The village of Brookfield has a new four-year contract with its police officers and sergeants after village trustees voted on March 23 to ratify the deal unanimously. The contract is retroactive to Jan. 1 and will expire Dec. 31, 2023.
It’s one of three union contracts village officials have been negotiating in recent months. Deals are still pending with union firefighters and public works employees, and Village Manager Timothy Wiberg said the hope is to stagger the expiration dates of the contracts in order to avoid having to renegotiate all of them at the same time in the future.
The latest round of negotiations have had the additional challenge of taking place at a time when the village is without someone handling human resources.
“It makes a real difference doing all three contracts at once,” Wiberg said. “I would like to do one a year, so we’ll see what happens with the other two.”
Negotiations for the new police union contract for the second straight time were smooth, said Wiberg. The deal was hammered out over three sessions that Wiberg described as “professional and cordial.”
The contract calls for base pay raises of 2.5 percent each year, although actual raises for junior officers will be higher due to step increases built into the salary table.
Police officers are eligible for step raises in addition to the base pay raise through their seventh year on the force. Those step raises help push the pay of junior officers closer to their more experienced counterparts quickly.
For example, the starting pay for a new police officer on Jan. 1, 2020 is $65,291, according to the pay table in the contract.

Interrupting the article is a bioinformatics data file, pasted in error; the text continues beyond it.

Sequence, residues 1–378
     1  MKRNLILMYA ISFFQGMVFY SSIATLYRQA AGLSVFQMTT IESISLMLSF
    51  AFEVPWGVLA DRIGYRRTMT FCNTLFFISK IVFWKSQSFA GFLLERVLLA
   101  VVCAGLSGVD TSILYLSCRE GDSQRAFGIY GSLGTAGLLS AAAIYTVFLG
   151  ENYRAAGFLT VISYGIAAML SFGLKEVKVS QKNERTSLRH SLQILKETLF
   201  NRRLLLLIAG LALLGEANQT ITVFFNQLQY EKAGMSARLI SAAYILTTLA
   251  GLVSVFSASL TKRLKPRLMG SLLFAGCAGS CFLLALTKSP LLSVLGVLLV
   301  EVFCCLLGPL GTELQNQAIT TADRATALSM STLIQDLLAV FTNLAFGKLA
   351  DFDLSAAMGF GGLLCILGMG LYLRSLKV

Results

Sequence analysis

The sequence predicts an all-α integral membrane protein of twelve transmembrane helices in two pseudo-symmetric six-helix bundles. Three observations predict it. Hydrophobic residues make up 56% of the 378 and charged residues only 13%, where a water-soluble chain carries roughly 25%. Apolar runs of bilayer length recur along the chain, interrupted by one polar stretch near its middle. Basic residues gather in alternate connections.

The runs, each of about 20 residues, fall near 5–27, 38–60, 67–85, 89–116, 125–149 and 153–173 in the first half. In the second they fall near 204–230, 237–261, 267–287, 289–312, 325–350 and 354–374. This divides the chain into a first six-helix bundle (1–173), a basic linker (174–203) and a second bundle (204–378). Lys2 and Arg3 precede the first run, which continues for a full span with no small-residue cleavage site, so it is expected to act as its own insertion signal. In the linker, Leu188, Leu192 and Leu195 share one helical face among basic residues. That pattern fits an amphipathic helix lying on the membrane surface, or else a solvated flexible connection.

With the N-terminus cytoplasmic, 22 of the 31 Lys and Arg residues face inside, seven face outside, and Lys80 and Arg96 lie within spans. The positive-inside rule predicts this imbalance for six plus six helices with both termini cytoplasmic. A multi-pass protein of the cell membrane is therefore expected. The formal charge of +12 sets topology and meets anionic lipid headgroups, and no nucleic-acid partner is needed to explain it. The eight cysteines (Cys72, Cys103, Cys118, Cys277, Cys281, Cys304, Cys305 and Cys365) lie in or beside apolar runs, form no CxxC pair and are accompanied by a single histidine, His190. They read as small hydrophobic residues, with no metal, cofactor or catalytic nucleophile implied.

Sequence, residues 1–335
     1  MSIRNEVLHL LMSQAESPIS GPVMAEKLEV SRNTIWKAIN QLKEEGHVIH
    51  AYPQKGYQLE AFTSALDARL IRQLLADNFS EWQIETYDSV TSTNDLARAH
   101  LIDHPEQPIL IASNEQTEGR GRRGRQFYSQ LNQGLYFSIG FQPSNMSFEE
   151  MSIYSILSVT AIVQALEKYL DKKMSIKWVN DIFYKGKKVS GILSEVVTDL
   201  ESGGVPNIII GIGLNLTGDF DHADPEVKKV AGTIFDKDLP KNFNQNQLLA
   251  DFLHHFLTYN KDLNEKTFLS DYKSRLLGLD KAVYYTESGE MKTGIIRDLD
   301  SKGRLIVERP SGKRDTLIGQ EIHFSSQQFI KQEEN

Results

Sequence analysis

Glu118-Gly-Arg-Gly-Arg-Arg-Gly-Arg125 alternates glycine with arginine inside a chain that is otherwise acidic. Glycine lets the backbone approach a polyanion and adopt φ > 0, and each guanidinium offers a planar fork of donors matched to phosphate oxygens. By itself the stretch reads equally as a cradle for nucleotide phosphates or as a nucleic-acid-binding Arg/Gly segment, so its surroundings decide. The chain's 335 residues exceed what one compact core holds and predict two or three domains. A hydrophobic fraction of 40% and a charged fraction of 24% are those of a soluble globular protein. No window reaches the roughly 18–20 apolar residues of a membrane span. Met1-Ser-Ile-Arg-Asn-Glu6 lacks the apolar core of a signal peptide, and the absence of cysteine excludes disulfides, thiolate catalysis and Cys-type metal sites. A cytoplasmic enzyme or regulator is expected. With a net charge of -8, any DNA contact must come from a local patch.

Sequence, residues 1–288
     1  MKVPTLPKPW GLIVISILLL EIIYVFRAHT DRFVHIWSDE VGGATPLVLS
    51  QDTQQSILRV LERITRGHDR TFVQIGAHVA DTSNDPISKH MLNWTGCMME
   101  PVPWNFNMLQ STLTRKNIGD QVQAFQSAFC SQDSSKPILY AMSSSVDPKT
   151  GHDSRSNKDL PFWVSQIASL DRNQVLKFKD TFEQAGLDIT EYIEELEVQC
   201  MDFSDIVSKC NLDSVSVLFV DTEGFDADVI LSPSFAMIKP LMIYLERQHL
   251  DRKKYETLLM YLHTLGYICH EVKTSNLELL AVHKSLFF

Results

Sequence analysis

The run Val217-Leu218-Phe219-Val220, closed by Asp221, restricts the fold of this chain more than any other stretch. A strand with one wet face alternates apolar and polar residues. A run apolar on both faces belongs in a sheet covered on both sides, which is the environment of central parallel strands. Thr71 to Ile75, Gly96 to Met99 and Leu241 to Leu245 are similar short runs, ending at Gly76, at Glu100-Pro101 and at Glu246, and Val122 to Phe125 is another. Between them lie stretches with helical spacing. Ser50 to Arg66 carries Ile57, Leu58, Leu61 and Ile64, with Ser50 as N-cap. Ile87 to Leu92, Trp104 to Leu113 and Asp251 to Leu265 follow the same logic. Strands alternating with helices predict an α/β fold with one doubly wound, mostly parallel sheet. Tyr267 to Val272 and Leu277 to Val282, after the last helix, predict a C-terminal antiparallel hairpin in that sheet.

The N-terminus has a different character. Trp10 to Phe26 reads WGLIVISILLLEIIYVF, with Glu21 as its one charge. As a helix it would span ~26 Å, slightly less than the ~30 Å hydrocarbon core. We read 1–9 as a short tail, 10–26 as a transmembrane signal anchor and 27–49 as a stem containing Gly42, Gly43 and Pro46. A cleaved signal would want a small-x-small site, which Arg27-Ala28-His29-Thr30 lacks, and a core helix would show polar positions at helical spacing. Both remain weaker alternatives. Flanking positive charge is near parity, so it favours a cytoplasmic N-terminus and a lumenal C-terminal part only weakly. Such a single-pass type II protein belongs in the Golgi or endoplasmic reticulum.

By the final year of the contract, including step raises plus base pay raises, that officer’s salary in 2023 will be $87,276, a total pay increase during that time of almost 34 percent.
The entry salary for a sergeant in 2020 is $104,873. Sergeants are eligible for two step raises after that. In 2022, that junior sergeant’s annual base pay will have increased to $116,230, a total jump of about 11 percent.
Lieutenants and other members of the command staff are not part of the union contract.
Language in the new contract includes one potentially significant change that could lead to substantial cost savings to the village related to health insurance premiums.
The police union has agreed to allow the village to evaluate options for joining an insurance cooperative and replace the insurance plans currently offered with new ones. Wiberg confirmed that the village is contemplating joining a municipal insurance cooperative.
“Quite honestly, we’ve been looking into this for over a year as a way to save money,” said Wiberg. “We can get the same level of coverage and save a significant amount of money.”
Wiberg said he doesn’t have any firm figure at this time, but estimated that joining an insurance cooperative could save the village “hundreds of thousands of dollars annually.”
“We’re not in the strongest financial position to begin with, so it makes a lot of sense to make a change,” Wiberg said.
The move to a cooperative, however, is contingent on all three union contracts including the same language.
“The bottom line is, if we don’t get it in all of the agreements, we won’t make the change,” Wiberg said.
The new police contract also eliminates the physical fitness requirement, which involved annual testing for strength, endurance and flexibility. It included such tests as a 1.5-mile run and a 3-mile walk, situps, pushups and bench press.
Once a common part of police contracts, Wiberg said such requirements have been subject to legal challenges and that failure to meet physical fitness standards came with no real disciplinary action.
“It became an administrative nightmare,” Wiberg said. “There were no repercussions if someone didn’t pass it.”